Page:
Board of Trustees

Penn State trustee voting lower than past two years

Penn State president Rodney Erickson speaks a the school's Board of Trustees meeting on Friday, November 22, 2013.
Penn State president Rodney Erickson speaks a the school's Board of Trustees meeting on Friday, November 22, 2013. CDT file photo

Voting for three seats on the Penn State board of trustees isn’t likely to reach the record levels of the past two years’ contentious elections.

Penn State released updated voting numbers Wednesday, showing 29,208 alumni have cast ballots with only one day left in the election. Last year, about 33,000 had voted going into the final day.

Interest in the trustees election has soared since the Jerry Sandusky scandal hit in late 2011. In 2012, 37,500 alumni cast ballots to shatter the previous record. Voting approached those numbers again in 2013 but failed to set a record.

But voting has now trended down the past two years.

The board has been under a microscope after the Sandusky scandal and some grass-roots alumni groups have formed to challenge sitting members for their seats.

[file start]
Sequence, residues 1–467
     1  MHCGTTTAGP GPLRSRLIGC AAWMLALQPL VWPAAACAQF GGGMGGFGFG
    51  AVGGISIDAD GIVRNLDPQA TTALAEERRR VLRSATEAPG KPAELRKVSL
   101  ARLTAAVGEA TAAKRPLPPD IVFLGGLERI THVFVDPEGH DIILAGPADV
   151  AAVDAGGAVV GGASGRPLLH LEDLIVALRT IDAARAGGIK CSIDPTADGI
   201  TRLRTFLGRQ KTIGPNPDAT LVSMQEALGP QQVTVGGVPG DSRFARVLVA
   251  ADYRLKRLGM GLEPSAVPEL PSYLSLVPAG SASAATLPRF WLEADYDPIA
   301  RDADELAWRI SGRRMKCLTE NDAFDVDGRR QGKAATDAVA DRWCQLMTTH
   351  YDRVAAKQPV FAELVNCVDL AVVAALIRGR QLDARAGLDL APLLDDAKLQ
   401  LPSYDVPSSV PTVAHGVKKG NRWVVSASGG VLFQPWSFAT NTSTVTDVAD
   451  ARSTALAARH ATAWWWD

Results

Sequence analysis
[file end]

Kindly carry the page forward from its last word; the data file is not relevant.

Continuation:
One of those groups, Penn Staters for Responsible Stewardship, has seen four of the six candidates it endorsed in the past two elections win seats.

The race this year has 31 candidates, vying for three seats held by trustees Marianne Alexander, Jesse Arnelle and Joel Myers. Of the incumbents, only Myers, the founder of AccuWeather, is seeking re-election.

The deadline to vote is 9 a.m. Thursday and the results will be announced Friday at the trustees meeting at the University Park campus.

The winners take office in July and will be sworn in when the board meets at the branch campus in Schuylkill County.

Also on the agenda Friday, a vote is expected on whether to add a permanent student trustee to the board, which would raise its total to 33 and its voting members to 30. The board’s governance committee signed off on the proposal at a meeting in March.

The board will hear an update on the presidential transition. Outgoing President Rodney Erickson’s last day is Sunday and Eric Barron officially steps in as the university’s 18th president Monday.

The trustees could also vote on a number of capital improvements, including a $52 million addition and renovation to the Steidle Building, which houses the College of Earth and Mineral Sciences’ department of materials science and engineering.

The trustees election results are expected to be revealed toward the end of the meeting Friday.

  Comments